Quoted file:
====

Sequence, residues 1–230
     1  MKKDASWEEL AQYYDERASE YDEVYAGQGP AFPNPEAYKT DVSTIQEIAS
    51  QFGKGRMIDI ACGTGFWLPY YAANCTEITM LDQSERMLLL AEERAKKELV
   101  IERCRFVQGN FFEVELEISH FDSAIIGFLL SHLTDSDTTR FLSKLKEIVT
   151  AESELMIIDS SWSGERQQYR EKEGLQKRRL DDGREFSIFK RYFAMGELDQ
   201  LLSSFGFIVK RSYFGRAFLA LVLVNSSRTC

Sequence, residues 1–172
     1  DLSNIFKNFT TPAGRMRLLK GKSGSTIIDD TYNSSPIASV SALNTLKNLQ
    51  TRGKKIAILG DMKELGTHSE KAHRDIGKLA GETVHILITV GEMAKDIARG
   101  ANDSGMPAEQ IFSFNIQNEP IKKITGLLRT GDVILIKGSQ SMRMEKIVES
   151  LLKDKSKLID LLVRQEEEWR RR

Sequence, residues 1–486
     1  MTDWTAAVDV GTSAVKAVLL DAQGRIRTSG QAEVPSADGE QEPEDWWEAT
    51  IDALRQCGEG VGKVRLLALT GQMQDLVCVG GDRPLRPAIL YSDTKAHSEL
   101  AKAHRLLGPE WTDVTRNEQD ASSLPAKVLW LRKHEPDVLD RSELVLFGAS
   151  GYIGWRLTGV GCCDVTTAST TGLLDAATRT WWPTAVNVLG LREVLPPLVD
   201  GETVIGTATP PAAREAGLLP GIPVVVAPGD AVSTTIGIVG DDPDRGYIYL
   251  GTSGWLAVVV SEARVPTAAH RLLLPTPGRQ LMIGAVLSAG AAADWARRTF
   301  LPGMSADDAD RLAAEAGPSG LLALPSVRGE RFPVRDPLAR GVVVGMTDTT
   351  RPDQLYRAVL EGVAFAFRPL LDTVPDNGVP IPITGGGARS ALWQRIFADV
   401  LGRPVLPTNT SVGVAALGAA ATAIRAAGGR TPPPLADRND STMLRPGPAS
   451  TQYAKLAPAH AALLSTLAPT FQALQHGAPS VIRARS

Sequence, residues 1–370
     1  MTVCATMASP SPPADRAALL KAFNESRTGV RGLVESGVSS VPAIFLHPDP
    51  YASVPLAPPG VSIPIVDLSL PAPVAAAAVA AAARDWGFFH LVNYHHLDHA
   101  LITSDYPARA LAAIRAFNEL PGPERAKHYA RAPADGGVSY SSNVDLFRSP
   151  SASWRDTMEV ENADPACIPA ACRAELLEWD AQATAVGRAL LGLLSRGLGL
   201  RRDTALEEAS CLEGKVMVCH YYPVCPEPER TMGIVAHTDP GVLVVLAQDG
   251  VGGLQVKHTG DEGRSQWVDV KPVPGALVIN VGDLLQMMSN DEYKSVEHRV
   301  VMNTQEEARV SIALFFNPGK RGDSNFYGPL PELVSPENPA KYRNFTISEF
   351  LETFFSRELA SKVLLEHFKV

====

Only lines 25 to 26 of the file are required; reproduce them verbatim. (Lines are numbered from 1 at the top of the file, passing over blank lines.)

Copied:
    51  YASVPLAPPG VSIPIVDLSL PAPVAAAAVA AAARDWGFFH LVNYHHLDHA
   101  LITSDYPARA LAAIRAFNEL PGPERAKHYA RAPADGGVSY SSNVDLFRSP